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Prescribed Burn and Fencing

FarmerCharlie

New Member
I have about a 5-acre NWSG field that I planted about 5 years ago. In preparation for burning it the first time, I did some close mowing with my zero turn mower followed by disking to make a fire lane. In some areas, the grass grows right up the fence line of my high tensile fence. One person told me that I could have the fire lane on the other side of the fence, but someone else told me the other day that fire would destroy the coating on the fence. If that is true, then I guess I will have to create the fire lane on the inside of the fence, but that would be a lot of additional work. I would appreciate advice on whether my original plan is OK, or whether I should go to the trouble of creating a new fire lane inside the fence line. I did find some articles that said fire is OK for barbed wire fencing, but I can't find anything about high tensile fencing.

20201226_112833_1000W.jpg


Thanks,
Charlie
 

Oct-Lull

Well-Known Member
I would not burn thru the fence unless you are willing to accept damage to the posts and wire. Grass will burn really hot, especially that tall a variety. Its possible you could start the burn there but it will get hot fast. I would mow the break on the side you plan to burn and if you feel you need to burn under the fence do it after the fact by itself so you can manage it and not let the heat get to crazy. I do several a year for customers and you should always err on the side of more breaks and smaller fires in case it gets away or the wind causes issues
 

Daver

PMA Member
Although I have not worked with high tensile fence, I have done many burns over the years and I wouldn't burn through it if it were me. You could just mow it short right next to the fence and while it probably will burn what remains, it will be far less heat on the fence than if you let it ride the way it is in the pic. That's gonna be a hot one from what I can tell.
 

Central Iowa

Administrator
Can you start your back burn there? If you can it will be fine. Also is there any cedar trees this fire is going through that you want to keep? I have made that mistake by not protecting them well enough and the flames reached them igniting them like a torch.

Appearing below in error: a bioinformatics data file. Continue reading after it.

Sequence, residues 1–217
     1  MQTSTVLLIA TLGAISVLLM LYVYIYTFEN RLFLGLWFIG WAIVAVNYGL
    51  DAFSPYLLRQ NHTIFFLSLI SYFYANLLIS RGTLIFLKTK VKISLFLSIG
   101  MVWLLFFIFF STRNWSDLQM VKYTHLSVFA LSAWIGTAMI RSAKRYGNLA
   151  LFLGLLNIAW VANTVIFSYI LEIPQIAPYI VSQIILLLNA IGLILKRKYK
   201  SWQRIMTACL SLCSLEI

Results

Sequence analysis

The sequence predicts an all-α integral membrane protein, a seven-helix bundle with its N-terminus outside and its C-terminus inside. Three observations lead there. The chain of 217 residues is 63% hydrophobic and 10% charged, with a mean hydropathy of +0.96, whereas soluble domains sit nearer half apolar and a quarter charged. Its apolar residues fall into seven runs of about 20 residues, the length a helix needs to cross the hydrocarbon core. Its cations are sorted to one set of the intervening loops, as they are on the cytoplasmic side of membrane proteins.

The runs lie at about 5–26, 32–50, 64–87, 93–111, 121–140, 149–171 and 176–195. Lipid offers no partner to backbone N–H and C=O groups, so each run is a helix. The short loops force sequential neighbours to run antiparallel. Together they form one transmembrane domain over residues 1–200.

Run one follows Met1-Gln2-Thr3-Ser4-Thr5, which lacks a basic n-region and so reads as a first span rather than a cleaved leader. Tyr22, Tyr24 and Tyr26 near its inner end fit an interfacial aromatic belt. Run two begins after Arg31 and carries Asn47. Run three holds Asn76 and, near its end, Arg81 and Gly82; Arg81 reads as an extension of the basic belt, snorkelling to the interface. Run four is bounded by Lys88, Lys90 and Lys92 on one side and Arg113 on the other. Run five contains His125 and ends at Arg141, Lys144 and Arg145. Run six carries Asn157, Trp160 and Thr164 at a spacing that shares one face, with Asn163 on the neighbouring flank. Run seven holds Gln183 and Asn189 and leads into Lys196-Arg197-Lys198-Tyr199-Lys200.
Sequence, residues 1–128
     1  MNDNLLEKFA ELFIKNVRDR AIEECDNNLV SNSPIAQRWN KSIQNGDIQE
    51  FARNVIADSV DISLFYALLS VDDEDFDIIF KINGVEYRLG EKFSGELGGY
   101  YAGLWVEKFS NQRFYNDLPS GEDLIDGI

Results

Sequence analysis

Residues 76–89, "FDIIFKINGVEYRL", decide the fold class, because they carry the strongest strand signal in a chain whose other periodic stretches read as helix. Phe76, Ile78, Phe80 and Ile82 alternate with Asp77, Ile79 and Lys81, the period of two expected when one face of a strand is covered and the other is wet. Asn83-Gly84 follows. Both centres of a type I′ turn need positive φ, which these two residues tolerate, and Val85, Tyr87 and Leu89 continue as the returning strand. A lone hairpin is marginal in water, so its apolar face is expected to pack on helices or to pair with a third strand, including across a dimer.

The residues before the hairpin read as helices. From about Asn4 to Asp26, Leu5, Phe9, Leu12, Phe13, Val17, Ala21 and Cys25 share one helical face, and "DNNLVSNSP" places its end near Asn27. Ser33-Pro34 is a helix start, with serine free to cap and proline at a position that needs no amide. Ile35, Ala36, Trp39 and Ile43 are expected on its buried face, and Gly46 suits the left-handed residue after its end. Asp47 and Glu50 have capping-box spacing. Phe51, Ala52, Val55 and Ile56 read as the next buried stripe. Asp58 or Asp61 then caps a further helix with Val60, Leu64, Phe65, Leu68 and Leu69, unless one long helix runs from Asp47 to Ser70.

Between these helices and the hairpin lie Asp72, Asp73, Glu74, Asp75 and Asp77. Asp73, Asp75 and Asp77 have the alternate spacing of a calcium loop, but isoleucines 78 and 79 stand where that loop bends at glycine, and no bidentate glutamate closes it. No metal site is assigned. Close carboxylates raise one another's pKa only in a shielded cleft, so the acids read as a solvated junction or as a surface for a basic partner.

Daver

PMA Member
Can you start your back burn there? If you can it will be fine. Also is there any cedar trees this fire is going through that you want to keep? I have made that mistake by not protecting them well enough and the flames reached them igniting them like a torch.

Been there. ^^ :) Also, as I looked at the picture again I see that it appears that you have some other hardwood trees in the field , surrounded by grass. For shorter grass fires, like brome, I wouldn't be concerned that the fire would damage a mature HW tree that it burns past. However, with much taller grasses like what I see in that pic...I would also recommend, at a minimum, weed whacking, or mowing, a ring of protection around those trees.

While your fire may not catch these trees on fire, it could burn hot enough to effectively girdle the trees and hurt them or even kill them.
 

FarmerCharlie

New Member
Been there. ^^ :) Also, as I looked at the picture again I see that it appears that you have some other hardwood trees in the field , surrounded by grass. For shorter grass fires, like brome, I wouldn't be concerned that the fire would damage a mature HW tree that it burns past. However, with much taller grasses like what I see in that pic...I would also recommend, at a minimum, weed whacking, or mowing, a ring of protection around those trees.

While your fire may not catch these trees on fire, it could burn hot enough to effectively girdle the trees and hurt them or even kill them.